NEWARK—Having been to China about 50 times, concert pianist Lenny Rosenbaum appreciates China’s “very rich, old” culture. After seeing Shen Yun Performing Arts, he could see that traditional culture come to life on stage through a “beautiful performance.”
Rosenbaum saw Shen Yun at the New Jersey Performing Arts Center in Newark, during the evening performance on May 4. The New York-based traditional dance and music company is nearing the end of its 2019 tour. For several months, Shen Yun has been performing at sold-out shows at renowned theaters across the globe.
Through about 20 vignettes of dance, stories, and music, Shen Yun takes audience members on a journey through 5,000 years of Chinese civilization and history, giving them a glimpse into the beauty of an ancient culture.
Rosenbaum said he appreciated it because the culture is made up of an accumulation of wisdom from the ancient people and differs greatly with American culture.
“Chinese culture, they respect the old, and they respect the old ways, tradition, very good. And that really is the way that should be. You think about it, because, the wisdom of the ancient ways, the old people, is accumulated over centuries, and over an individual’s lifetime,” Rosenbaum said. “It’s totally a different take than traditional American.”
According to Shen Yun, ancient Chinese culture draws a lot of its elements from the divine. China was once known as Shen Zhou, or divine land, a term which describes a time where mortals and deities co-existed as well as an old belief that the divine transmitted a rich culture, through various dynasties, to the Chinese people, according to Shen Yun’s website.
The ancient Chinese were also heavily influenced by Buddhism, Taoism, and Confucianism, where they strove to follow an upright moral path as they practiced their faiths. From these influences, concepts such as “respect the heavens to know one’s destiny,” and “man and nature must be in balance” gathered deep meaning over thousands of years of history, as did the five cardinal virtues of benevolence, righteousness, propriety, wisdom, and faithfulness.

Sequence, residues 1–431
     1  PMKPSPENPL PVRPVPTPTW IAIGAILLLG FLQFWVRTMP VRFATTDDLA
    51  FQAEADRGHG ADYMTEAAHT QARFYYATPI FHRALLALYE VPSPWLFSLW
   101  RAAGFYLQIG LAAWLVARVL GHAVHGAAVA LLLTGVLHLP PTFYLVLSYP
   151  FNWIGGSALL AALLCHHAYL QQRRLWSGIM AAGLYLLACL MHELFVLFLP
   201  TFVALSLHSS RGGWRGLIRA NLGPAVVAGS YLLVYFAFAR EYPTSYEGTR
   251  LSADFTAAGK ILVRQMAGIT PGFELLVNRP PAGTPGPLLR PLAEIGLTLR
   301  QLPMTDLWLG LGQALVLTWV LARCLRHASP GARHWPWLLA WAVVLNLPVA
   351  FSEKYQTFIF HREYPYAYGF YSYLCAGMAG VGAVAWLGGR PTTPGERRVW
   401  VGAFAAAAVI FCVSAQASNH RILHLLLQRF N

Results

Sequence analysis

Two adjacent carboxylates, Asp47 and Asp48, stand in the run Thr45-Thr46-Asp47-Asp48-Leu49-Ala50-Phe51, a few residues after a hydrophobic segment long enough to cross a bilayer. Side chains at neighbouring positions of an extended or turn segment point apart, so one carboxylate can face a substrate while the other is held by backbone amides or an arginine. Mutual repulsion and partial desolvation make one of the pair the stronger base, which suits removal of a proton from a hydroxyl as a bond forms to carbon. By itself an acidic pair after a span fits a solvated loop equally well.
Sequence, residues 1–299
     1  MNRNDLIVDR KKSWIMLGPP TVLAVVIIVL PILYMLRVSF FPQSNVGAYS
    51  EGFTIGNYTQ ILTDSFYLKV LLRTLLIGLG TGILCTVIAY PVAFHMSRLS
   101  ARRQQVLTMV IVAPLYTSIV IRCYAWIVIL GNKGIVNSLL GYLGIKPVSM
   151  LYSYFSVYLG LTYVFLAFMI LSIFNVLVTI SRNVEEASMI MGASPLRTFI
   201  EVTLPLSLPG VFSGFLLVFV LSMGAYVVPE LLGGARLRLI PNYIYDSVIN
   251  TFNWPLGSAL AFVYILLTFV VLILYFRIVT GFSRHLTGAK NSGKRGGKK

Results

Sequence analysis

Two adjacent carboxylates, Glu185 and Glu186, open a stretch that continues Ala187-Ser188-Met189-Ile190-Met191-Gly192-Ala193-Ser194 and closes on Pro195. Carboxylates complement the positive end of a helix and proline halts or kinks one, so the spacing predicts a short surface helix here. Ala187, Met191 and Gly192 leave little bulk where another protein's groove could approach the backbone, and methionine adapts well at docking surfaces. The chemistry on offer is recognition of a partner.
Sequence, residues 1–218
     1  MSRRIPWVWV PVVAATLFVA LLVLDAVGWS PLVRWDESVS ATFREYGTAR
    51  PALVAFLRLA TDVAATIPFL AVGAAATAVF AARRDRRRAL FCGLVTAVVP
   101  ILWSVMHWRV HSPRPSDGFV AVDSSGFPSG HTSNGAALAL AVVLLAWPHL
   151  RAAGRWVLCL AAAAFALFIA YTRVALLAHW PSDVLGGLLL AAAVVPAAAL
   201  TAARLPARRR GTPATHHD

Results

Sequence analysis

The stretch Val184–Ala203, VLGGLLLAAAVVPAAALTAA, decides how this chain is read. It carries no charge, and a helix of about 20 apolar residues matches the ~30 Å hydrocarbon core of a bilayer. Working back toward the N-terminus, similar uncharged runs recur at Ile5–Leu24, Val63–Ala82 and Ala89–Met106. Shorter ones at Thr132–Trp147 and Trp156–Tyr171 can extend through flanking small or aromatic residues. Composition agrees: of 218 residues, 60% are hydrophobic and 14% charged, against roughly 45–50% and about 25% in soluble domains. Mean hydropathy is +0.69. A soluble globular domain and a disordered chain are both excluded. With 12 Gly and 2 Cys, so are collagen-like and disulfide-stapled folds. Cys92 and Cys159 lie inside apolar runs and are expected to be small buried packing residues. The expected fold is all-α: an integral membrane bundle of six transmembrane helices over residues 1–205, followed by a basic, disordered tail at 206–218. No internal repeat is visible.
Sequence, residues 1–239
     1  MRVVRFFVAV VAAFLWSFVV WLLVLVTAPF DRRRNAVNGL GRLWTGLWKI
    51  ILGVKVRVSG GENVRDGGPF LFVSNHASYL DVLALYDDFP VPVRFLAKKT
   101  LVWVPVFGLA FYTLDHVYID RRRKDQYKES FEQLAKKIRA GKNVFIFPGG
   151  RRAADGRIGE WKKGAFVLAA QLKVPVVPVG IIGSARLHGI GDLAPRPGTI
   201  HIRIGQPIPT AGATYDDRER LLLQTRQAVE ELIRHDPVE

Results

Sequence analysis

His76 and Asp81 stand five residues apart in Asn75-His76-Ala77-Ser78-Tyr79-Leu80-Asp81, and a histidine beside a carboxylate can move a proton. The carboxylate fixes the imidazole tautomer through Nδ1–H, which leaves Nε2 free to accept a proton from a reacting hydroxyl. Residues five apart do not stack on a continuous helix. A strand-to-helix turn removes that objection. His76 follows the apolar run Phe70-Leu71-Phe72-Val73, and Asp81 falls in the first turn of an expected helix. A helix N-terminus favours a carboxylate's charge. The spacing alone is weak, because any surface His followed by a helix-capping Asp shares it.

As a musician, Rosenbaum had high praises for Shen Yun’s orchestra and musical pieces, as well as other elements that brought the performance together.
“The music was fabulous, and as a musician, I can tell you, the orchestra was wonderful, the costumes are wonderful. Very professional. And the timing ,they were on key, everything, the ensemble, beautiful performance, the costumes were beautiful, lively,” Rosenbaum said. “And I loved the way they integrated the visual, the projection screen, with actual live performers coming in and out. It was a very effective effect.”
Shen Yun’s orchestra is unique as it combines Eastern and Western classical instruments to create a distinct yet harmonious sound. A Western orchestra plays the foundation, while traditional Chinese instruments lead the melodies, according to Shen Yun.
Moreover, Rosenbaum enjoyed seeing the themes coming out of Shen Yun’s stories.
He said, “The stories were great as well. So it was a very complete experience. Audio, visual and the whole story, each one was a story, it was almost like an opera without words.”
Shen Yun’s stories showcase historical events, myths and legends passed down generation after generation, and modern day pieces portraying today’s real-life human rights abuses. These stories portray themes like spiritual devotion, the benevolence of gods, good and evil retribution, and the search for the meaning of life, according to the company’s website. These values are foundational to traditional Chinese culture and aim to inspire audience members to reflect on themselves and the world around them, just as Rosenbaum did.
“However one expresses their spirituality, we all do it in a different way, but at the end of the day, we have to realize that there are greater forces, that we: A. are subject to, and B. that we aspire to. And that was a good expression of that,” he said.
Rosenbaum said overall the performance was worth seeing and is looking forward to seeing it again.
“It’s worth seeing, it’s worth experiencing, and I look forward to the next version,” he said.
With reporting by Sherry Dong.
The Epoch Times considers Shen Yun Performing Arts the significant cultural event of our time and has covered audience reactions since the company’s inception in 2006.